After some time had passed, I noticed a man across the aisle spreading out across two seats of his own. I asked him if he knew if anyone had been sitting in the seats I found.
“I think they are yours,” he said with an understanding smile. “I was on the standby list for a roomette, too.”
The packed train station in Lorton, Virginia, emptied quickly when the call was made to begin boarding. Those of us on the standby list were told to wait on the chance that someone with reservations for a sleeper car would fail to show. While a handful of desperate-looking people remained in the now eerily quiet station, I argued with myself about the needlessness of squandering $258. I needn’t have worried — the ticket agent approached me and said, “Go ahead and board now.” There were no cancellations.
Last year my wife and I made our first trip on the Auto Train and it was a wonderful experience. We booked a roomette and enjoyed the many amenities of first class travel on Amtrak. The train ride itself was as much of an adventure as was visiting nearby Washington, D.C. We were both sad when the train rolled to a stop in Florida and the trip was over.
But now, I had learned much. The first and foremost lesson was that if you travel single on the Auto Train, do not, under any circumstances, end up with a window seat on a full train. Sitting next to a stranger will doom you to a nice, wide, comfortable seat that rapidly becomes a prison. Of course, the aisle seat has limitations, too. The electrical outlets for plugging in a computer or a cell phone are right next to the window. Thus, the aisle seat passenger would have to run cords over the already tormented and trapped window-seat passenger. Or, they could just let their electronics die — a small tradeoff, I guess, to being trapped for nearly a thousand miles.
Now free, I wandered the train at will. During my travels, I noticed a young man, wide-awake, sitting in a window seat. His seatmate, an elderly man, was sleeping in the aisle seat. The young man’s eyes were wide open and I detected hints of insanity in them. He was trapped. I noticed that some people in the lounge car never seemed to leave — I had no doubt they were window seat passengers with no intention of returning to their wide, comfortable prisons. One man appeared to be making preparations to sleep in the glass-enclosed smoking section on the lower level of the car.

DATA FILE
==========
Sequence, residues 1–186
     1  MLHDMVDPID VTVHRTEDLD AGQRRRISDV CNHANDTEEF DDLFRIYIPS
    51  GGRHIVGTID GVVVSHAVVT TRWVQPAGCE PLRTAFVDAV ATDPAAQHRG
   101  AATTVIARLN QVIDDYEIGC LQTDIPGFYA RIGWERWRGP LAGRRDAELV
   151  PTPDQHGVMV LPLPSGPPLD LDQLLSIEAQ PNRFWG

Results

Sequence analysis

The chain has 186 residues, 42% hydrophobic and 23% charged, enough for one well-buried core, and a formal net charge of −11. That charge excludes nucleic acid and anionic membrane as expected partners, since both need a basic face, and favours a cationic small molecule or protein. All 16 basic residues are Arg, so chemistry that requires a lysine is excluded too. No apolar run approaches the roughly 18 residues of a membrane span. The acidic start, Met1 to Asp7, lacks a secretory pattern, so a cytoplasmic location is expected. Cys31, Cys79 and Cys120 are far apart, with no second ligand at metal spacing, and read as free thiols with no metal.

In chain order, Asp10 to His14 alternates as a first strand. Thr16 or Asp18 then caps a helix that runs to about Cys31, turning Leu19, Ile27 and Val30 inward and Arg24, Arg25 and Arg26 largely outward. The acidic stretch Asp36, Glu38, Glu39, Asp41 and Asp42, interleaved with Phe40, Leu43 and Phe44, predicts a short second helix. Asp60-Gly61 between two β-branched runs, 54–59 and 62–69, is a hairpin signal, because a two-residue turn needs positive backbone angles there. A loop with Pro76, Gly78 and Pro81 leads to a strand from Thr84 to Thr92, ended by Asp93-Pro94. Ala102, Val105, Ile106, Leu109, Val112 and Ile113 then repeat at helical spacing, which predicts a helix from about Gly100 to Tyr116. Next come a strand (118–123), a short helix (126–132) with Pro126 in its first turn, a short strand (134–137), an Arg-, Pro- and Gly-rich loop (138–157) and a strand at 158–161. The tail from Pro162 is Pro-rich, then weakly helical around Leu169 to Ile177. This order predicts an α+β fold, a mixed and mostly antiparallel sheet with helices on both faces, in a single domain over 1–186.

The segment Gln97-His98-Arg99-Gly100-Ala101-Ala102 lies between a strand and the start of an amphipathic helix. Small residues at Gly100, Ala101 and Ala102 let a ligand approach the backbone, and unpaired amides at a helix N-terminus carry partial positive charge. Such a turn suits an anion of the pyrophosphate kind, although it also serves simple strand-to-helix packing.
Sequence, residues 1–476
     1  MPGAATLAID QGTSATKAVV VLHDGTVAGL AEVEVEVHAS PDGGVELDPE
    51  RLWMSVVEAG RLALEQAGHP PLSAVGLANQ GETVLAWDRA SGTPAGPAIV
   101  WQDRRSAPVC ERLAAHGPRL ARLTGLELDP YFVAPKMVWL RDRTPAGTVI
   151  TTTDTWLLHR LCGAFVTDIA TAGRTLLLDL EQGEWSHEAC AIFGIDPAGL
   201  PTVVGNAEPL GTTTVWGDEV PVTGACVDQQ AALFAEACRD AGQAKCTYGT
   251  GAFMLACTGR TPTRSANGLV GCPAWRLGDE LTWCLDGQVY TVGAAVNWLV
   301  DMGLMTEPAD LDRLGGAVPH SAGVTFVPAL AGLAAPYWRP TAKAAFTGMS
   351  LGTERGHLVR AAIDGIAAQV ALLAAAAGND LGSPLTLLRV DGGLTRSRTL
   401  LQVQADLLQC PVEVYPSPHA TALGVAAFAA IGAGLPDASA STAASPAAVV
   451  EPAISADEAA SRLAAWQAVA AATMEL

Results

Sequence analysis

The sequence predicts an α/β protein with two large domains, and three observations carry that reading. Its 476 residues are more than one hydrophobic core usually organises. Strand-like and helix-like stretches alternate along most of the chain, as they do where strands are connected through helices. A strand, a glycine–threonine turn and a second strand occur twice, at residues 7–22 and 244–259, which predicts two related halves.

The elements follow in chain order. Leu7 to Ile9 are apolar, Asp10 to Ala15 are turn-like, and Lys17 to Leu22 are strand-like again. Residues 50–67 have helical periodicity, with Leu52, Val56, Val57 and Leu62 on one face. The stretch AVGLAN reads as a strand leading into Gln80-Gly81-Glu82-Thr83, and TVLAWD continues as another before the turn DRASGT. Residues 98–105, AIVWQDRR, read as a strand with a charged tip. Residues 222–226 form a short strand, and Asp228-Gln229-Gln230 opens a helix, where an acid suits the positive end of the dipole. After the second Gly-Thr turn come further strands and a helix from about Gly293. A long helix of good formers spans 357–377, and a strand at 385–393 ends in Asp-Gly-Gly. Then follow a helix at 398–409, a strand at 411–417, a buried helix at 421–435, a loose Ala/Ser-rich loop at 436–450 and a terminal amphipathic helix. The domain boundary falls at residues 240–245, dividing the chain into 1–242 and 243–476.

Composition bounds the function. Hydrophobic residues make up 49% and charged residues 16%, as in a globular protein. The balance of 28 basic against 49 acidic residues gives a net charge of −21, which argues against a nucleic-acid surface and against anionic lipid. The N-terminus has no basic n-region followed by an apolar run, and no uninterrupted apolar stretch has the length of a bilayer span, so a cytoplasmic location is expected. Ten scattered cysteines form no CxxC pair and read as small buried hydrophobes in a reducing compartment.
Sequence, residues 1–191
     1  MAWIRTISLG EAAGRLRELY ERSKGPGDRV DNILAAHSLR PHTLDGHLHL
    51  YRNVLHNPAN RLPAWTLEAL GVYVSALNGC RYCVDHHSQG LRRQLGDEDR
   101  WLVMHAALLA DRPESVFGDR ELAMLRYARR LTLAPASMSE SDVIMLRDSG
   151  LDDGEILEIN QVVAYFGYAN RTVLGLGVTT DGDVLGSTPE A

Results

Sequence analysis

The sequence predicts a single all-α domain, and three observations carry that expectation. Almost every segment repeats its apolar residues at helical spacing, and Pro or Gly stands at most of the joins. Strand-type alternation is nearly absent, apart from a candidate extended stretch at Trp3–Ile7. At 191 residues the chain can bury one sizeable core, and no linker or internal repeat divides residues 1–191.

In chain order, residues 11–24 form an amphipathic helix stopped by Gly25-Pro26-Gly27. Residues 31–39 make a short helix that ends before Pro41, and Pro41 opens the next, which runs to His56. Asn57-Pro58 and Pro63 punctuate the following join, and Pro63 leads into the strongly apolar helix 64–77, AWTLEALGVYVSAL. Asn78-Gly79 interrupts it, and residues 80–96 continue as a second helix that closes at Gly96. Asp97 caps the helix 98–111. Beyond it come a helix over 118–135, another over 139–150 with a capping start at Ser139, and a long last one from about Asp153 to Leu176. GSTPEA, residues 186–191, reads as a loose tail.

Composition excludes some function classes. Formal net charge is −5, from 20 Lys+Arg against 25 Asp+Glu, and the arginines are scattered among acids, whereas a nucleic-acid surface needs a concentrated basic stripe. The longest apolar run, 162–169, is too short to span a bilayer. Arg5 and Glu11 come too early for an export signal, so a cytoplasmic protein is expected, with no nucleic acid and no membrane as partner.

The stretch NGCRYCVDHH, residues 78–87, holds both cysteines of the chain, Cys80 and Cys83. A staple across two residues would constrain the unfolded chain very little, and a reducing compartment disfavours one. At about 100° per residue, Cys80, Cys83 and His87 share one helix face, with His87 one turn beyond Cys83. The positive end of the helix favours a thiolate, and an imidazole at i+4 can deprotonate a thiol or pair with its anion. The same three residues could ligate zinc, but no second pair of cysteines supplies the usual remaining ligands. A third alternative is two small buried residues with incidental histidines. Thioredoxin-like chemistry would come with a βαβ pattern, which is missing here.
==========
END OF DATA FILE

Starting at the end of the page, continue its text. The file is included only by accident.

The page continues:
The porter’s wish that I be comfortable had come true. Although dinner in coach lacked the linen tablecloths and the splendor of first class, it was excellent and the table was adorned with a complimentary carafe of wine. As a single traveler, I was assigned to a table with a party of three: a man, woman and their grandchild traveling to Florida during the child’s spring break. We all shared good conversation and the grandfather and I shared the wine.
After dinner, I returned to the seats that I felt comfortable were now mine and sat in the window seat to watch the eastern seaboard roll past. Through the countryside, small towns and big cities, I saw anew from that window the beauty of this nation. From that window, I saw potential in decaying downtowns and life in its most normal state in passing neighborhoods. As the sky darkened, the lights on the train were dimmed and people settled in to watch movies on their computers or in the lounge car, or simply to fade off to sleep in their seats. By that time, several passengers, both young and old, were padding the aisles in their jammies.